During the day she told Mr Warne they ought to have a doctor, in fact she mentioned it four or five times. Mr Warne said he would go up and see his wife and when he came down he said that Mrs Warne said she did not want the doctor. It was between 10 and 11 o’clock she left on Thursday night. At that time she did not seem to be any worse, she was in the same condition as in the morning. Witness was there again early next morning, before breakfast, about six o’clock she should think; at that time the bleeding was abated a little and the sickness had stopped. She did not examine deceased then but she was generally much weaker. Between that time and nine o’clock she gave her some gruel and made her clean and comfortable and then went down and told the husband he must go and fetch a doctor. He did not go, but said that by the time he was ready and got to Mr Newbery for the order Dr Gordon would be out. She never said any more to him until one o’clock. During the intervening time deceased was sleeping. She did not ask for a doctor, in fact she said she did not want one, more than once. At one o’clock she told Mr Warne that he had better go and see Mr Newbery, and he would be able to catch Mr Gordon before he went out. He was at home between two o’clock and half past two. Witness remained there until Dr Gordon came about seven o’clock, and there was no change in the patient. She did not examine her during that time.

James Henry Gordon, medical practitioner, of Salisbury, next gave evidence. He said he knew the deceased by sight but not as a patient. He was called to her on Friday, the 22nd. The first he heard of it was when he arrived home between six and seven o’clock in the evening. Mrs Wright brought the order to him. It was made out in the name of the midwife but the husband explained that in his evidence. Witness did not go at once, as he had to attend a patient, in similar circumstances. He was not, however, detained there and on leaving went to deceased. Mrs Bunsell was with the patient, who was in a state of collapse. She was suffering from one of the gravest complications that could occur before the birth of a child. Mrs Bunsell informed him that deceased had been suffering from hemorrhage but that had ceased before he arrived there, he should say some time before. There was no recurrence of the hemorrhage from that time until her death. She did not complain that he had not been sent for before. He had to press her to converse even the little she did, but at midnight she spoke rather more freely. He sent for Mr Wilkes and he came shortly after eight o’clock, soon after he was sent for. They agreed as to the treatment of the patient and were successful to a certain extent in endeavouring to restore her vital powers. Mr Wilkes staid with him for about two hours and as deceased seemed better witness went home for a few hours. The Dispensary nurse had arrived by this time, but Mrs Bunsell was still there assisting. He saw deceased again about six o’clock on Saturday morning, and indications of approaching death, the nurse informed him, had set in shortly before he arrived. She died shortly before seven o’clock. Sometimes persons would die under the most favorable circumstances, but judging from previous cases he should think deceased’s life would have been saved had medical assistance been summoned in time. Of course he could not speak with absolute certainty.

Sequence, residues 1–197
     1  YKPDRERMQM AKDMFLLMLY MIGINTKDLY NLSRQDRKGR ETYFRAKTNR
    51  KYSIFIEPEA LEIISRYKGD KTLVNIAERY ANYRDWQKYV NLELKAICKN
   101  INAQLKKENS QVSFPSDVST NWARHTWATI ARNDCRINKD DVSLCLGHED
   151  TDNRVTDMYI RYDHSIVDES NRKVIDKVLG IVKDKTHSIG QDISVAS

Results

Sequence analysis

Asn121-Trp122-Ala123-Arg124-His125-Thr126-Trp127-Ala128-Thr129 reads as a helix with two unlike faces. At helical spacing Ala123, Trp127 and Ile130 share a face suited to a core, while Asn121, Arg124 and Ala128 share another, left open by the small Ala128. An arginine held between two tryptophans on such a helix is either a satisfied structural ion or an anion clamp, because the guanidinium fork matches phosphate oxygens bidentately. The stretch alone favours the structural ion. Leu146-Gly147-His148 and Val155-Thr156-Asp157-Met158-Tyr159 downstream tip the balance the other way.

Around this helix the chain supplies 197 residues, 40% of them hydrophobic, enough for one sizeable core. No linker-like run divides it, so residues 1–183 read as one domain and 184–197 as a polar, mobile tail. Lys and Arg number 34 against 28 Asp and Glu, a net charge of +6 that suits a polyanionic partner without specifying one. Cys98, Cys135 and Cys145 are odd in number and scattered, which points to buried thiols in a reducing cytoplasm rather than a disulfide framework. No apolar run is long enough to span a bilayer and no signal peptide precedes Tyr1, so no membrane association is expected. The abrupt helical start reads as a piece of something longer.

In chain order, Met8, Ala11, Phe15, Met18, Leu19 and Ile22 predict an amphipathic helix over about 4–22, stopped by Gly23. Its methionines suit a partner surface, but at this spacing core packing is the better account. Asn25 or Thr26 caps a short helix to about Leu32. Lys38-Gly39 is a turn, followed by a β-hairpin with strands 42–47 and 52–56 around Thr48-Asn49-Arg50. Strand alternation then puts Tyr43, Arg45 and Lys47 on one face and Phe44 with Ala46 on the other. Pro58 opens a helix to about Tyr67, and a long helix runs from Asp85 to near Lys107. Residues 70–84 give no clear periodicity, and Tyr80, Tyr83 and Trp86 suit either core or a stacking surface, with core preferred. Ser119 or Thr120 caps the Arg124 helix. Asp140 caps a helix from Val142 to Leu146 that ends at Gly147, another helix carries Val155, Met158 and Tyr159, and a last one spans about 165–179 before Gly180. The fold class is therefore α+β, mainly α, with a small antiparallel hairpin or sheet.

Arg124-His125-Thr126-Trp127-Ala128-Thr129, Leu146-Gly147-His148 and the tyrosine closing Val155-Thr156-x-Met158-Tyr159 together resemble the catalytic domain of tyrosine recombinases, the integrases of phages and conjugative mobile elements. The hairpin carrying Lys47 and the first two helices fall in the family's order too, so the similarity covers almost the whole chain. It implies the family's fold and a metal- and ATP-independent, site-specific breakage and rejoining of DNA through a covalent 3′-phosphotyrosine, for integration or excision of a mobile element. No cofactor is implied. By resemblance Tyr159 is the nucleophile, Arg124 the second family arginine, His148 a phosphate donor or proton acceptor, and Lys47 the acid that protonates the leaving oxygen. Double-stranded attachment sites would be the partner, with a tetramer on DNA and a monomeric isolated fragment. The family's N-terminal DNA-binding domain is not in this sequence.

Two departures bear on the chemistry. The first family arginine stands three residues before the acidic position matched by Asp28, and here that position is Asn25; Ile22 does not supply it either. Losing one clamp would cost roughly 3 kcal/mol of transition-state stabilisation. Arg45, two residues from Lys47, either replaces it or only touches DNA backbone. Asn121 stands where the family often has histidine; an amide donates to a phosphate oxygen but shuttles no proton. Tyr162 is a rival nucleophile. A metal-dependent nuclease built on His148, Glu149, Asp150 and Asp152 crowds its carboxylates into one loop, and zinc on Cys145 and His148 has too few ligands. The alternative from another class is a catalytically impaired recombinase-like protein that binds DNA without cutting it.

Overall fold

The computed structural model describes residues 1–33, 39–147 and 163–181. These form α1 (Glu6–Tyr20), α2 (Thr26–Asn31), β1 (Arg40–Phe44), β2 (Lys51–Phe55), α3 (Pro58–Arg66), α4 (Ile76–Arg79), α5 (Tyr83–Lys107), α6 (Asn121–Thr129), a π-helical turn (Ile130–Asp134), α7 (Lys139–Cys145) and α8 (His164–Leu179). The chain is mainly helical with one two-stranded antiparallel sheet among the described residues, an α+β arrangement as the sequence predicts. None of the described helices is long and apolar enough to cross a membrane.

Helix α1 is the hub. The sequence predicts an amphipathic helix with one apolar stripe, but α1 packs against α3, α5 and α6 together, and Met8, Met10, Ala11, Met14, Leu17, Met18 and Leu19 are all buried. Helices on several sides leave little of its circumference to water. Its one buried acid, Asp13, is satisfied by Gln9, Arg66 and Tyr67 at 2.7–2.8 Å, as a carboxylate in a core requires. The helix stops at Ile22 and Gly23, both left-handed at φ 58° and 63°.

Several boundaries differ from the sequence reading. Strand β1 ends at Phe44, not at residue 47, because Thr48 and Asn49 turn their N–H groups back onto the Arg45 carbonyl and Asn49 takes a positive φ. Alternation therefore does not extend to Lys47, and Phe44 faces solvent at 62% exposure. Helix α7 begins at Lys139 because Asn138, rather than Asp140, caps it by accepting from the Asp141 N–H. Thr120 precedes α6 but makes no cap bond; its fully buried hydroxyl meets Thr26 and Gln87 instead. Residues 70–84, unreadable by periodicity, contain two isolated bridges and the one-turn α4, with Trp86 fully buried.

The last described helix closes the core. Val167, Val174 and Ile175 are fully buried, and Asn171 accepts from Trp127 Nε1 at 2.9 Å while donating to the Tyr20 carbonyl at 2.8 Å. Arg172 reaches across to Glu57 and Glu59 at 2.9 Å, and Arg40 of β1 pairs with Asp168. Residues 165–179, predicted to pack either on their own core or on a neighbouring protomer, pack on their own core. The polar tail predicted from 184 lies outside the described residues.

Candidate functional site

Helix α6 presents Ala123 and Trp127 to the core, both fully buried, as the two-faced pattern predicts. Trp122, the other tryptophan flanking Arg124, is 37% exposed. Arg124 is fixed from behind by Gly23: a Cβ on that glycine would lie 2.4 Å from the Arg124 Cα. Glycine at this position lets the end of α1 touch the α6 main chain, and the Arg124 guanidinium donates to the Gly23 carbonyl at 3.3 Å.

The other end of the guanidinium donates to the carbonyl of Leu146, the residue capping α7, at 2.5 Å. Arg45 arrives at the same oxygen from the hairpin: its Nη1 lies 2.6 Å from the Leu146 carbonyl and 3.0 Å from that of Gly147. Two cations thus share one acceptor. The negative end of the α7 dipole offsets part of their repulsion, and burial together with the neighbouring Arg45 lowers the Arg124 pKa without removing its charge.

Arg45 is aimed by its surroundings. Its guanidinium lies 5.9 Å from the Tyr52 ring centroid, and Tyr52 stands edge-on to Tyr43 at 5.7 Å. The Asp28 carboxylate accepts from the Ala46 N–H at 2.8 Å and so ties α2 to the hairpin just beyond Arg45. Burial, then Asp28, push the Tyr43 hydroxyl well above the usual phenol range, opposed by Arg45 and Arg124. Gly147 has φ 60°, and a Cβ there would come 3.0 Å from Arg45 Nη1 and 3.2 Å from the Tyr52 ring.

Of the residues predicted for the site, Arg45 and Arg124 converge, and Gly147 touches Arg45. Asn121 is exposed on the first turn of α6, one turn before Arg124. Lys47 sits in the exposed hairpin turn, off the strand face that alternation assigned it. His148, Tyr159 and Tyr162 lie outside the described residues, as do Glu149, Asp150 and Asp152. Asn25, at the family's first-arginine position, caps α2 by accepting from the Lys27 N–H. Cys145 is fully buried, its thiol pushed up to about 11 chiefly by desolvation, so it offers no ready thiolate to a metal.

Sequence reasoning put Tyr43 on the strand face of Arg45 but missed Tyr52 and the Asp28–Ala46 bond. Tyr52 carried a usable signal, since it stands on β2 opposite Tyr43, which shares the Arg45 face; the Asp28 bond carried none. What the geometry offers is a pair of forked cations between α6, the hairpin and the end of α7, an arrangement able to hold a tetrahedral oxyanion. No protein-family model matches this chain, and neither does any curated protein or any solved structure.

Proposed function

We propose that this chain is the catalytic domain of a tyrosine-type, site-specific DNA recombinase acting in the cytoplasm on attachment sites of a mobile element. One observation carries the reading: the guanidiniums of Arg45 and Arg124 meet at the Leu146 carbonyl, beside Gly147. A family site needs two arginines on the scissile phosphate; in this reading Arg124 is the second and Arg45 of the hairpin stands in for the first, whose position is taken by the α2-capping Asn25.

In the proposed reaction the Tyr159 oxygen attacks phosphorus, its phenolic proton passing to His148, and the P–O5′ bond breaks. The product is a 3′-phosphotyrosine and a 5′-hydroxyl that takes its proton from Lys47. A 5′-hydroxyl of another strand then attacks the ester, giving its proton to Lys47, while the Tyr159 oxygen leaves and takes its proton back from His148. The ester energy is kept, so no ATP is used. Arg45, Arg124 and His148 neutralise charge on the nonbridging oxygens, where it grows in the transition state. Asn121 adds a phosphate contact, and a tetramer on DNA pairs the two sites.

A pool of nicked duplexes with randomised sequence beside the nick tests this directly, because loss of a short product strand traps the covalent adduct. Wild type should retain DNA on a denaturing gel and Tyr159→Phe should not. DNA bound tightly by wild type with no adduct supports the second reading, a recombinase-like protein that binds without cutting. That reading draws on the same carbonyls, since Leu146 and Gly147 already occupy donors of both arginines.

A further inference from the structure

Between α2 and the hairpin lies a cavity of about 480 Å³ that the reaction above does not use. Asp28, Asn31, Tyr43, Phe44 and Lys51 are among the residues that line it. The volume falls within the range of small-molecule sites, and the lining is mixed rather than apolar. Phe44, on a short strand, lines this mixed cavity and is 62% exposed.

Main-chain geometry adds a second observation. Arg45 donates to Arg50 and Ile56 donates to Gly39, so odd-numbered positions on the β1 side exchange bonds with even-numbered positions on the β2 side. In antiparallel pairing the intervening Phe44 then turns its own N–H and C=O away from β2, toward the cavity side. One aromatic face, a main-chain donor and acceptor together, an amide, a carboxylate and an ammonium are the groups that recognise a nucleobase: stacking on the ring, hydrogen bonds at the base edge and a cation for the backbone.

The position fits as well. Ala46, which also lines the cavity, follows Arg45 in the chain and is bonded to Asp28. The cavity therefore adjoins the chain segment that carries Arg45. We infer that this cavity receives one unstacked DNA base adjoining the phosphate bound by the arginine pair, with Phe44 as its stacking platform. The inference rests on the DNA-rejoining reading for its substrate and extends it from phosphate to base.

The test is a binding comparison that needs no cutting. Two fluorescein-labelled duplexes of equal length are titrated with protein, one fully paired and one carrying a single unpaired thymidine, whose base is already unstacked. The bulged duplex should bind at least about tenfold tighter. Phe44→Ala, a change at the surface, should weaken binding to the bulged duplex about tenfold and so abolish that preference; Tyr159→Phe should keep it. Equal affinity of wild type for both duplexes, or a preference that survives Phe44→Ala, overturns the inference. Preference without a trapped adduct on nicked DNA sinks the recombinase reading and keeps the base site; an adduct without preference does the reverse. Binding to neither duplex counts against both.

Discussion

By a Juror : It was not likely that the deceased could have suffered from the same thing in previous confinements.

By the Coroner : The midwife ought not to have left the patient from 2 to 6 o’clock on Thursday morning. The midwife ought to have obtained medical assistance as soon as she noticed what she did.

By Mr J Moore : Such cases did not usually end fatally if taken in hand in time.

By the Coroner : Mrs Bunsell evidently did not recognise the full danger of this case.

In reply to a further question from the Coroner witness stated that although Mrs Bunsell had had considerable experience in these matters she might have mistaken the symptoms.

Witness, in answer to another question, would not state definitely that deceased’s life would have been saved had medical assistance been called in earlier.